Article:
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Markets are Data-Driven, but which Data?

Summary:
Like a Newtonian law of motion, market participants will continue to rely on a particular trading style or system until it stops working. Betting that volatility stays low is a cash register for many, and there appears to be what Soros called "reflexivity" here, like a self-fulfilling prophecy.  Why is volatility low?  Because it is being sold in various ways besides directly selling options.  Buying equity pullbacks and selling euro bounces, for example, also seem to be expressions of short volatility. There is little on next week's calendar that threatens to pull the plug on this cash register.  In other circumstances, the eurozone's preliminary February PMI could have potential.  It is to be reported at the end of the week ahead.  The composite had not fallen since last September

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Markets are Data-Driven, but which Data?
Like a Newtonian law of motion, market participants will continue to rely on a particular trading style or system until it stops working. Betting that volatility stays low is a cash register for many, and there appears to be what Soros called "reflexivity" here, like a self-fulfilling prophecy.  Why is volatility low?  Because it is being sold in various ways besides directly selling options.  Buying equity pullbacks and selling euro bounces, for example, also seem to be expressions of short volatility.

There is little on next week's calendar that threatens to pull the plug on this cash register.  In other circumstances, the eurozone's preliminary February PMI could have potential.  It is to be reported at the end of the week ahead.  The composite had not fallen since last September when it reached 50.1.  In January, it was at 51.3, little above where it finished 2018 (51.1).  However, one of the most important reasons market participants pay attention to sentiment data, of which this purchasing manager survey is an example, is that it ought to shed light on real sector developments.

Yet the market was shocked by the magnitude of the decline in the December industrial figures.  The December manufacturing PMI for EMU eased to 46.3 from 46.6, having bottomed in September at 45.7.  The 2.1% decline reported last week was tipped by the national figures, but the aggregate decline was the largest since February 2016 (-2.2%), which itself was the biggest drop since early 2009.  While the flash PMI may pose headline risk, it is most unlikely to turn the market.

The ECB's course also appears set.  Lagarde has not "cleaned house" as Georgieva has at the IMF, and continues on the path set out by Draghi.   However, her presence has already been evident in the lack of sniping and media leaks. This represents an improvement in communication.  There have been reports in the media claiming a backlash against negative interest rates. Yet, Lagarde has given a spirited defense. Last week so did Germany's Executive Board member, Schnabel, who may be the first in her position to defend it (and vigorously).  The ECB's chief economist Lane also endorsed its efficacy.

China's economic data for January and February was always going to be distorted by the Lunar New Year holiday.  This year, because of the new coronavirus  (Covid-19), the data is, particularly, of little value.  In addition to monitoring the progress of the virus in China, where the cases and mortality are the highest, the setting of the Loan Prime Rate will be an important signal.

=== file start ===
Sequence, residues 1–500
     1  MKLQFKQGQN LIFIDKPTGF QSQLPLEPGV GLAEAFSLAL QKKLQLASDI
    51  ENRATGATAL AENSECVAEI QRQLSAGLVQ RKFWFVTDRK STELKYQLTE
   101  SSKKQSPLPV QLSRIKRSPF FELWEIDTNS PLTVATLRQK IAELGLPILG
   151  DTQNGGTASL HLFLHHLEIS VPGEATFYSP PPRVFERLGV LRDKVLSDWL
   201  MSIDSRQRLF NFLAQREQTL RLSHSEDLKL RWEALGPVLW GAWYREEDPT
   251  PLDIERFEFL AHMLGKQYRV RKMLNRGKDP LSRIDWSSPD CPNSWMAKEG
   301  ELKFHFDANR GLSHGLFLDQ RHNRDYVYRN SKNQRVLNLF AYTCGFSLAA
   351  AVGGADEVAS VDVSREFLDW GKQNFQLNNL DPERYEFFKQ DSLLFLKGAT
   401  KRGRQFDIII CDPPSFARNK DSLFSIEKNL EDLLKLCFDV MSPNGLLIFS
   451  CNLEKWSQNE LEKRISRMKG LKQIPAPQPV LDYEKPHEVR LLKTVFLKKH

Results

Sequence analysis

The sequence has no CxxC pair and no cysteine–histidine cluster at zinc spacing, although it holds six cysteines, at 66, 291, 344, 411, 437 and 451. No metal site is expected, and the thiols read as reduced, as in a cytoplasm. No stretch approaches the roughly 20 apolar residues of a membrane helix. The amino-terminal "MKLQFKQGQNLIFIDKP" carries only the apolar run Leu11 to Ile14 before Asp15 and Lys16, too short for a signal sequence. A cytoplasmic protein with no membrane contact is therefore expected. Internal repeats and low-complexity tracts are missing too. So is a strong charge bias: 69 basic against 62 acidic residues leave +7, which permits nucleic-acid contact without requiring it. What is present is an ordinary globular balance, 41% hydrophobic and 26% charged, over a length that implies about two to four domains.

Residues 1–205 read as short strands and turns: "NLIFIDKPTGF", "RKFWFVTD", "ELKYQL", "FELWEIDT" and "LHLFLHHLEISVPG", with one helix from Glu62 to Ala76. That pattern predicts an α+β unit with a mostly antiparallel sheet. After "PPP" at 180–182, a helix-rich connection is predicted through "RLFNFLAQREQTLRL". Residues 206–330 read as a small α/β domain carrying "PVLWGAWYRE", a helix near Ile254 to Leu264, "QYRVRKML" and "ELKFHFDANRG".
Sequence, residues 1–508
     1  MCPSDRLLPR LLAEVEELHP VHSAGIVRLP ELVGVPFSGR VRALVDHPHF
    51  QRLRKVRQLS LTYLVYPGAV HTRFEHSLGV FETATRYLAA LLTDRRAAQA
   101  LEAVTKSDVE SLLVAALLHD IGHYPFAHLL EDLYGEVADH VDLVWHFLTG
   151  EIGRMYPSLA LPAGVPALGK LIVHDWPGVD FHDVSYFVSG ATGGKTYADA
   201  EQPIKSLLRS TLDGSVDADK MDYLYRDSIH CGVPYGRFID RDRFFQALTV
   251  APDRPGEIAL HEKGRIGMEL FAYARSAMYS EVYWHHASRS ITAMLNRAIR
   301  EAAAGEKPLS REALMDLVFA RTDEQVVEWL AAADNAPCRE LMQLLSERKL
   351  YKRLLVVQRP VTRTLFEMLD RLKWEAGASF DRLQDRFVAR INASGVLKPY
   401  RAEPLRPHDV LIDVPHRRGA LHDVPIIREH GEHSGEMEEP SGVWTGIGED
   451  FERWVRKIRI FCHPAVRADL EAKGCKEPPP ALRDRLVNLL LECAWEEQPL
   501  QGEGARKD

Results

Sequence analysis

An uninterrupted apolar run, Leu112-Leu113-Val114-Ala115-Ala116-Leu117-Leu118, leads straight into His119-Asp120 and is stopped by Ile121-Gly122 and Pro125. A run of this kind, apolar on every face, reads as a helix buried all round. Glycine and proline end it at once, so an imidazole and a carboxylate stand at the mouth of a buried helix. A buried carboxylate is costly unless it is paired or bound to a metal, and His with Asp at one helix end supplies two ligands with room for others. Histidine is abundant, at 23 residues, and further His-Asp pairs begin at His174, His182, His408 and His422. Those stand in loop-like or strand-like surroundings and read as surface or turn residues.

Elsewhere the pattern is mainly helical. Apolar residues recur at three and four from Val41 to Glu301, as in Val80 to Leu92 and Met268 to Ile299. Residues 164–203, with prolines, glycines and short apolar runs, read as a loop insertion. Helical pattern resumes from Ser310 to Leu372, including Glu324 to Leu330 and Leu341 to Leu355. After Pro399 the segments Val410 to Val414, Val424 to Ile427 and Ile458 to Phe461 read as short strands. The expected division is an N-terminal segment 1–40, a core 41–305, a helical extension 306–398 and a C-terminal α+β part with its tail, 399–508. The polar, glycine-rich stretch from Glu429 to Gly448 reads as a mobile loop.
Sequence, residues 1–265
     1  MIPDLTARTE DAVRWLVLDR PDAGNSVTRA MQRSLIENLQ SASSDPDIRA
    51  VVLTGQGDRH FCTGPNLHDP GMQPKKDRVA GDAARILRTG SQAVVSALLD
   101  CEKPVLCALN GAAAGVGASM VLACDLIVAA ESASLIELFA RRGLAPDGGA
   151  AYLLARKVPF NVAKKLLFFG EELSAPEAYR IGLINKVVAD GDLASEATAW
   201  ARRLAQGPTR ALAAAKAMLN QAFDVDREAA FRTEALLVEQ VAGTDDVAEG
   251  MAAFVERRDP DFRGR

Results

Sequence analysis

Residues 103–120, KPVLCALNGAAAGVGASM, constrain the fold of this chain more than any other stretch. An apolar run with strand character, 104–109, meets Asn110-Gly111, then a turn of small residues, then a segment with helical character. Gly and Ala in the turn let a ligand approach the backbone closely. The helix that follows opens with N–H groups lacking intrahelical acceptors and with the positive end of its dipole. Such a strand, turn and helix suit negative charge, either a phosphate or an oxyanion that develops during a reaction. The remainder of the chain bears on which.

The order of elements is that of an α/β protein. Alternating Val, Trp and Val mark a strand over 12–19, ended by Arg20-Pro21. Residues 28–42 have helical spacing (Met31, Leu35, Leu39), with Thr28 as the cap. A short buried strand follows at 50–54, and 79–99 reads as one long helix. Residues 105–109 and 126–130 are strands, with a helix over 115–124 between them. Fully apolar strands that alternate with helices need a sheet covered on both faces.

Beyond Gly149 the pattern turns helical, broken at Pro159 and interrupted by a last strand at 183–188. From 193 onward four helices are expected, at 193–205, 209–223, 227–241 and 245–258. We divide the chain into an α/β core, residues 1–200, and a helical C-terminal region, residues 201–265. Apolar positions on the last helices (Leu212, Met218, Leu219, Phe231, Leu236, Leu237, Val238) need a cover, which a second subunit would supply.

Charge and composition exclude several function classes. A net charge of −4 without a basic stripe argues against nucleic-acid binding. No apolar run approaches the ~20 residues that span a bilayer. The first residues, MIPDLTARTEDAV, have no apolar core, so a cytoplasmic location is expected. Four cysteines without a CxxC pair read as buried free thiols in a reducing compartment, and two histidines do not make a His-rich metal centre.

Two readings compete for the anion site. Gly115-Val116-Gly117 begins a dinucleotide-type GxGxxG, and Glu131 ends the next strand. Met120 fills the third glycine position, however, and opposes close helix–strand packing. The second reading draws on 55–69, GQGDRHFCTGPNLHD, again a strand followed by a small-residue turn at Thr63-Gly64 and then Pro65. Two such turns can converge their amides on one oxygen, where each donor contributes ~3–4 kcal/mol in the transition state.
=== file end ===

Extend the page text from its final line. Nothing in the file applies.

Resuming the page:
Recall the one-year Loan Prime Rate has become the new benchmark, and it is set by a survey of the leading banks.  In this sense, it is a more market-driven metric than previously administered attempts.  It is set on the 20th of every month and currently stands at 4.15%.  The median forecast in the Bloomberg survey looks for a 10 bp cut.  If it is wrong, it is likely because rates have fallen faster.  The PBOC granted banks this week funds that can be re-lent to businesses struggling to cope with the effects of the Covid-19 for 100 bp below the one-year Loan Prime Rate.

The signal from Beijing is to go for growth. Yet, the inclusion of CAT scan diagnosis (rather than the nucleic acid test) saw a jump in confirmed cases, and nearly doubling of fatalities. This raises new questions and prompts an extension of closures and disruptions.  While the initial reaction is this was a one-off adjustment, it is not immediately clear.  There are problems outside of China too, with some observers, for example, seeing that Indonesia's claim of having no cases, is a bit unlikely.  Also, there is concern in some quarters that the incubation period may be longer than initially estimated.

The political consequences are already materializing.  The death of Li Wenliang, a young doctor who was among the first to detect the virus and was harassed by local officials for doing so, and ended up being infected himself, is an unexpected catalyst for change.  It seems clear that public health requires clear and forthright communication, and yet in China (like several other places), this does not exist.  In fact, the lack of open and honest communication costs lives.  It is in this way that this experience is similar to the Soviet Union's Chernobyl tragedy in 1986.  A campaign pushing for open communication has begun on social media.

Another political fallout is the replacement of the Communist Party heads in Hubei and Wuhan.  However, the replacement of the Director of Hong Kong and Macau Affairs suggests that Xi may be using Covid-19 as cover to pursue a broader agenda.  It may not be so dissimilar from using the anti-corruption campaign to also punish rivals and secure greater power.   A common understanding is that there is a social contract between the Chinese people and the Communist Party.  The latter delivers the goods, literally: rising living standards, and the people defer to the Party.  However, the lack of trust that was simmering below the surface is becoming manifest.  This is another window of opportunity for a change, a concession to people, a civil liberty,  but the greater probability is the opposite.  Push hard for a quick resumption of economic activity and repress dissent.

At the start of the week, investors will learn just how bad last year ended for Japan with the first official look at Q4 19 GDP.  The tax hike and typhoons are expected to have led to a 1% quarter-over-quarter contraction and risk is on the downside.  The reason the market will not act much is that the data is historical, and there are no new policy implications.  More important is how the economy is doing in Q1. There are concerns about the disruption of trade due to Covid-19  and the sluggishness of consumption after the sales tax increase. This may translate into an economic contraction here in the first quarter.